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Is this what Siberian men used to shave in 2,000BC?

By The Siberian Times reporter
14 November 2014

Archaeologists intrigued by discovery of Bronze Age razor blade in Novosibirsk region.

'[Razor] is a draft name for the object and we shouldn't understand that it was an instrument they only used for shaving.' Picture: Vyacheslav Molodin, Institute of Archeology and Ethnography of the Siberian Branch of the Russian Academy of Sciences

A rudimentary razor blade used by fashion-conscious men 4,000 years ago has been unearthed on the site of an ancient settlement in Siberia. Archaeologists found the Bronze Age bathroom accessory during an expedition to the Vengerovo region of Novosibirsk.

The thin bronze plate had been sharpened on both sides and experts believe it was used to trim beards and cut hair, and may have doubled up as a knife.

What is particularly interesting about the find is that razors were only starting to become popular in the Bronze Age as males put a stamp on their individual identities.

Vyacheslav Molodin, the deputy head of the Siberian Institute of Archaeology and Ethnography, said experts were excited by the find in the Vengerovo region, the first such discovery here.

He said: 'The site was long ago classified as belonging to the developed Bronze era but the bronze object was the first found there. It is a thin bronze plate, sharpened on all sides. [Razor] is a draft name for the object and we shouldn't understand that it was an instrument they only used for shaving. More likely it was a more universally-used tool.'

Razors were used by men in many Bronze Age cultures and, generally, they were made of bronze and were oval in shape but had sharp edges. And while the use of an object for shaving dates back to prehistoric times -  shark teeth, clam shells and sharpened flint were also used - they started to become popular in the Bronze Age.

Bronze items

'We found a Scythian burial mound, of which there are only a few in the region. There we found bronze bells and parts of a harness from the early Scythian time.' Picture: Institute of Archeology and Ethnography of the Siberian Branch of the Russian Academy of Sciences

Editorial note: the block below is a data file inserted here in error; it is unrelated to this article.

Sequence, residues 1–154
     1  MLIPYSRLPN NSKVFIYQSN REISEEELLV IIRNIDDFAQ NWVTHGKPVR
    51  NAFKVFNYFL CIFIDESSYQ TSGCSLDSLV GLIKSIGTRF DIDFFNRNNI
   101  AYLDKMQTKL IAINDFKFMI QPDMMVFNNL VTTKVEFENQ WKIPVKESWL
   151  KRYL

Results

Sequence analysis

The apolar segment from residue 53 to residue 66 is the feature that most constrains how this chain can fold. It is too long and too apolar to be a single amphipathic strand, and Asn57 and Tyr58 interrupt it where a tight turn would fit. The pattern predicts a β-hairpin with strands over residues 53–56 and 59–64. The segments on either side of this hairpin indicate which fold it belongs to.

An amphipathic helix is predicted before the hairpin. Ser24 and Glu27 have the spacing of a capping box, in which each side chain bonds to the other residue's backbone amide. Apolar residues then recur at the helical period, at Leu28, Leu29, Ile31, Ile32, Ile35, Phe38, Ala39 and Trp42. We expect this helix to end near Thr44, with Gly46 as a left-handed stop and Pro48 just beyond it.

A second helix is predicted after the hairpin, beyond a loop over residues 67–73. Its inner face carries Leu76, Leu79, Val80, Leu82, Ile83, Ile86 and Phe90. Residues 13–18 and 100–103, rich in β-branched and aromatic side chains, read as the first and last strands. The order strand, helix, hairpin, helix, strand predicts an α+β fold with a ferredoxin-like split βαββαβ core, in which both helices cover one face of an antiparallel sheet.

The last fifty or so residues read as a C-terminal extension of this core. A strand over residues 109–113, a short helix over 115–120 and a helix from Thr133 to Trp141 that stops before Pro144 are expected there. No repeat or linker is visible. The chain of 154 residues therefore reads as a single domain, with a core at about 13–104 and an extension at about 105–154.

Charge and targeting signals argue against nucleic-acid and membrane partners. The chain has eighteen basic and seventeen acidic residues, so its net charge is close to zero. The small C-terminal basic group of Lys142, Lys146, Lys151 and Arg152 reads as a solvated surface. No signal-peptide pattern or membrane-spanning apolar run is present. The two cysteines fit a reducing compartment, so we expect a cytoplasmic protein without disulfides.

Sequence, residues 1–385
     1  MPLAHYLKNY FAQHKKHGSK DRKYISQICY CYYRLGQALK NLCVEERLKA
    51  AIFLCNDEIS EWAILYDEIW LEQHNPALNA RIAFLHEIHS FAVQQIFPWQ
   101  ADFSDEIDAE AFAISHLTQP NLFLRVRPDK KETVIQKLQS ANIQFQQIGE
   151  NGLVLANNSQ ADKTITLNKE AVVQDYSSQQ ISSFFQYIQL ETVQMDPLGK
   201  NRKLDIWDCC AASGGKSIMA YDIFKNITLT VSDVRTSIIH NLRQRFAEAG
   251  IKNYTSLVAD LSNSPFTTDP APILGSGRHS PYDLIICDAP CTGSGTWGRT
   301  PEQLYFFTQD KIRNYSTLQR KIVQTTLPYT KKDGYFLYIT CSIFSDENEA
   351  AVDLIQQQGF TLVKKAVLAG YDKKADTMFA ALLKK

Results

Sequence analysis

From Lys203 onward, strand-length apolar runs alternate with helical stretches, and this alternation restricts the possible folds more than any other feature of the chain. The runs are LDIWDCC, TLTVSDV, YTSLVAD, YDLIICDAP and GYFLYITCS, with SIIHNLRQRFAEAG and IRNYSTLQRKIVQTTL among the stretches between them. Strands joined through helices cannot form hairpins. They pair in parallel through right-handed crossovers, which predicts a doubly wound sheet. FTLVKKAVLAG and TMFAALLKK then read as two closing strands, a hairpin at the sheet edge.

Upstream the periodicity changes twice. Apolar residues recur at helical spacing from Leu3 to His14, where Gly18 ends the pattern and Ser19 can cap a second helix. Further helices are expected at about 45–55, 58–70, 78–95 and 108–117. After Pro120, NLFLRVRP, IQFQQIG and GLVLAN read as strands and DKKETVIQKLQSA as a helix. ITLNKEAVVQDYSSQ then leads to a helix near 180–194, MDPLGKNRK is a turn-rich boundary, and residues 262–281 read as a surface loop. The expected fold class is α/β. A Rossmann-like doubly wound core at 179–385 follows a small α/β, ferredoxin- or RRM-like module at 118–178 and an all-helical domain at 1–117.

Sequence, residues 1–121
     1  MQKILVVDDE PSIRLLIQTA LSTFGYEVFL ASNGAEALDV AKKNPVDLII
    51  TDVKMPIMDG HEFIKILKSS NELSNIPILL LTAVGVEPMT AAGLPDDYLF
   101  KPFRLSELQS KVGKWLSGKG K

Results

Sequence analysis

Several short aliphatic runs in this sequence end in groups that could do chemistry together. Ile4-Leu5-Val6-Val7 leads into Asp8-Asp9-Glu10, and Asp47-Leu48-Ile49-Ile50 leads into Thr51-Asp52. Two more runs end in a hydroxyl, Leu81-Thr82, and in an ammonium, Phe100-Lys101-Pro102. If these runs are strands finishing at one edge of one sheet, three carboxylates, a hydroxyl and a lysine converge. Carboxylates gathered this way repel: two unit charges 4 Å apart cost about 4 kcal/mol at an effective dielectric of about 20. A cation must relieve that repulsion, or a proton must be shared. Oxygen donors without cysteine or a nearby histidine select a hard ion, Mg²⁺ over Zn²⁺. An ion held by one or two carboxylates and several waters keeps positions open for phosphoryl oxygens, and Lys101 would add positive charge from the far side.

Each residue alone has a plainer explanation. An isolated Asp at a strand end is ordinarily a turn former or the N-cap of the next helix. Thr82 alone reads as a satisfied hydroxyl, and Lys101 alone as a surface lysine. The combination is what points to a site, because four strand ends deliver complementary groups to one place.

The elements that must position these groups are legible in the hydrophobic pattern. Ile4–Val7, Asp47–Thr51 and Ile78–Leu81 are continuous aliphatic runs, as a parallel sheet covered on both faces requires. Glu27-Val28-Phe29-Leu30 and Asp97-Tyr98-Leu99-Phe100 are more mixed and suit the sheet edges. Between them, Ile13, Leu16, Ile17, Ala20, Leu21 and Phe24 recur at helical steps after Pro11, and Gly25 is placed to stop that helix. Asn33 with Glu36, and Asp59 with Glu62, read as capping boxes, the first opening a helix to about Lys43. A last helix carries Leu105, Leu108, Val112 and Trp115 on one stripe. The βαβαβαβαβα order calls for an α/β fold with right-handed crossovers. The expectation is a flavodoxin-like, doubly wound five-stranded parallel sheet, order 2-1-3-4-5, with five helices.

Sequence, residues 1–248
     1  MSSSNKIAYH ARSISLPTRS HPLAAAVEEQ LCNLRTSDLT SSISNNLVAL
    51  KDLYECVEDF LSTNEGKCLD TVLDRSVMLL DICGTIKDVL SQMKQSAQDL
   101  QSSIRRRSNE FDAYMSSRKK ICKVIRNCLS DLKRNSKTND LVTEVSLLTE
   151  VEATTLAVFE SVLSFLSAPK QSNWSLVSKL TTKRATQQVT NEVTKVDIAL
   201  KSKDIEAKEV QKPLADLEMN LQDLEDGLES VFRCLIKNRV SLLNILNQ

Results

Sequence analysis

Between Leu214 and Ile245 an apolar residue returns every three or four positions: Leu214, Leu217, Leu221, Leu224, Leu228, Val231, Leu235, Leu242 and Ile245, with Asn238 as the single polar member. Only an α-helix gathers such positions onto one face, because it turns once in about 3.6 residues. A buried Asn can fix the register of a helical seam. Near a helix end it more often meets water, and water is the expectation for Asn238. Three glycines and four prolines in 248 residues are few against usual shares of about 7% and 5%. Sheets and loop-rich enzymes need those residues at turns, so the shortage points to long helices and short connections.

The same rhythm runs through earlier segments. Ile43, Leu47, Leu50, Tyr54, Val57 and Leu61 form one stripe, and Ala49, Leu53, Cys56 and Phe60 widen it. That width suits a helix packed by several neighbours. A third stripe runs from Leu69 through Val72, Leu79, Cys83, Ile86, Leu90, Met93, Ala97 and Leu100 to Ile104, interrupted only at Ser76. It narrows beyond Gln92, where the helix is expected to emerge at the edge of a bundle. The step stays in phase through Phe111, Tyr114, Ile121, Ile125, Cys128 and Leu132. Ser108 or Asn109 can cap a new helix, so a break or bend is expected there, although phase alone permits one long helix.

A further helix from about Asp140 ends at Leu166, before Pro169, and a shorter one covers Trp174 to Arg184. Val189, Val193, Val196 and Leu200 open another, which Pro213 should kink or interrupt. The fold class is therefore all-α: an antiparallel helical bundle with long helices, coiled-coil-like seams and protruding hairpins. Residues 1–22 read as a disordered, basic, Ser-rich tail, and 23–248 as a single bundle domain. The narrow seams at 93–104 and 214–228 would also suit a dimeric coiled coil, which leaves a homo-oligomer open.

One research paper published by the the UK's University of Exeter in 2008 argued that they were a status symbol for many males of the time. It stated: 'Razors and razor knives are the archaeological expression of how men presented themselves to the Bronze Age world.

'In this they assume an importance out of all proportion to their size and number. In the middle and late Bronze Ages and early Iron Age, razors appear both in poorly furnished graves and in rich ones, some of which can be seen as the burials of nobles.'

Meanwhile, other bronze items were discovered during a separate archaeological expedition, to the Krasnozersky district of Novosibirsk region.

Vladimir Sumin, head of the archaeology department of the Novosibirsk Region Cultural Heritage Centre, said: 'We found a Scythian burial mound, of which there are only a few in the region. There we found bronze bells and parts of a harness from the early Scythian time.'

Comments (5)

It looks more like an ulu. Copper would be rough to shave with
Phyllis , Juneau AK USA
05/01/2015 17:07
1
0
Is it not far more likely that the bronze tool is a scraper for dressing animal skins, removing fat, tissue and fur during the tanning process?
Tony Shephard, UK
04/12/2014 01:09
1
0
It looks like a forgery to me. Nice try.
Jabba, Town
17/11/2014 15:50
0
4
With razors like those mentioned, the cavemen were probably happy to die young.
Narbonne, London, England
15/11/2014 10:14
2
3
It must have been quite important to keep shaved, as I can't imagine bronze cutting edge staying sharp very easily.
JED, United States
15/11/2014 03:10
7
0
1

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